Name: Michael Hamilton
Province you live in: British Columbia
How many clinical trials have you participated in: 3
Describe yourself in one word: Advocate
Please introduce yourself:
I am 32 years old living with CF. I was diagnosed at 12 years of age at BC Children’s Hospital, I am heterozygous deltaF508, and I am currently working on my Ph.D. at Simon Fraser University. My research is focused on trying to better understand the mechanisms of action of the new CFTR modulators. I have participated in many advocacy and fundraising activities for Cystic Fibrosis Canada, including GearUp4CF, the Rod Brind’amour & Nugent-Hopkins Golf Classic, and Shinerama. I am currently a community member of the recently formed CF Canada Accelerating Clinical Trials (CF CanACT) Network which aims to increase access and awareness for CF patients to participate in clinical trials across Canada.
Please share your clinical trial experience:
I have participated in a few clinical trials over the years, as well as multiple investigator studies at St. Paul’s hospital, and they have mostly been a positive experience. My journey with participating in clinical trials started a few years ago with a phase II study of a CFTR modulator that was not approved for my indication (one copy of deltaF508-CFTR). I remember it was quite exciting to get onto a trial for a modulator as I had been paying attention to the research of ivacaftor and lumacaftor, and I wanted to experience the results that others were having. Unfortunately after a few months of collecting data they discontinued the trial due to “futility”, this was difficult emotionally, as you want the drugs to work. Every time you see even the slightest positive change you want to attribute it to the drug and to be told you have to stop was difficult.
Luckily a few years later I was able to get onto the phase III trial for Trikafta, and thankfully this time there was no doubt about its efficacy. Within days, I experienced significant effects that I hadn’t experienced before, it was pretty obvious I wasn’t on placebo. By the end of the month I was no longer coughing, I was fat, and I could sleep through the night. I could laugh without going into a coughing fit, and for the first time in my life I got a regular person cold that didn’t turn into an opportunistic infection or exacerbation. My FEV1 jumped from around 80% to over 90% (from my regular clinic visits). To say this drug has changed my life is an understatement. Most days I wake up, take my pills and don’t even think about my breathing or my health. I just exist and do regular people things. I can run and play soccer and never go into a coughing fit. I’m having to consider what I actually want to do for my career because it’s looking like I’ll be able to have one.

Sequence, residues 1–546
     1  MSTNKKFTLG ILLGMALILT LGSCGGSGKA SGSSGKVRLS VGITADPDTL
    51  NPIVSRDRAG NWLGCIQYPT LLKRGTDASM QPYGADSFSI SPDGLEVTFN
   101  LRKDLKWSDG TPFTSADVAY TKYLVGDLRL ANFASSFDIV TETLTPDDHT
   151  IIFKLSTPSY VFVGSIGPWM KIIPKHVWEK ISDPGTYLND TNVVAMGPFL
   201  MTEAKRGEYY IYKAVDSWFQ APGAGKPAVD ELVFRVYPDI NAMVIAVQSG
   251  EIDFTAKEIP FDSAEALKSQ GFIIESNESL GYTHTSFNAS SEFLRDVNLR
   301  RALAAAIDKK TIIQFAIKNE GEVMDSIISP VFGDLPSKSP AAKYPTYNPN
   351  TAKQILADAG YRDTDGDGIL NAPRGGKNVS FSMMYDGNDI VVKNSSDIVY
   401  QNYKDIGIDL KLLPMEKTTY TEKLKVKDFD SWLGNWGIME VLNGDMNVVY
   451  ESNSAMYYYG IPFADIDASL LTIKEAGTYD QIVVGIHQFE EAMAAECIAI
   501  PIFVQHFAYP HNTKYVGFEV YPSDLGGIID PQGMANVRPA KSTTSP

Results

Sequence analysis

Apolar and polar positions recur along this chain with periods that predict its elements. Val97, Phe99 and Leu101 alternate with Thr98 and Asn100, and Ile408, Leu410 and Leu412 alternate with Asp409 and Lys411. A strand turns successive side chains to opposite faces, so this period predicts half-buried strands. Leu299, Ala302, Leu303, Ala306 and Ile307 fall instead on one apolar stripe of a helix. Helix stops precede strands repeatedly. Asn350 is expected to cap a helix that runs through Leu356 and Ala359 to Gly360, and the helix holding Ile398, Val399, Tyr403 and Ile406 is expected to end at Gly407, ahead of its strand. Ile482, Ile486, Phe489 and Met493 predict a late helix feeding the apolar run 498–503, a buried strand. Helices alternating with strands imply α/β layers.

None of this would have been possible without participating in a clinical trial and taking that chance to be a research subject. Sometimes it doesn’t pan out, and for a lot of years the rewards were only slightly beneficial, but this time I got lucky and it was worthwhile. The drugs going through clinical trials are usually at the forefront of medicine, and taking the chance to experience their effects can definitely outweigh the risks. The other benefit is that you will be helping others; your contribution will help prove that the drugs are safe and effective and others will be able to benefit from that, particularly those who aren’t healthy enough to participate.
Now the question just becomes one of access to medication, this is the only question I have left about participating in clinical trials, and its uncharted ground for me, as I’ve not been part of a successful trial before. The open label part of the trial I am on will end this fall, and currently Trikafta hasn’t even been submitted for approval in Canada, so my only question is what happens when the trial is over. I know in the past when my mother participated in cancer clinical trials she was able to get access to the drug after the trial, but the consent form specifically said they did not need to provide the drug once the trial concluded. I’m hoping that ethically they can’t halt treatment as they have data for me specifically showing efficacy, and the doctors say they probably won’t stop, but that assurance isn’t in writing yet. Either way, I have so far been able to have the best two years of my adult life and I am very glad I was willing to take the chance to participate in new research.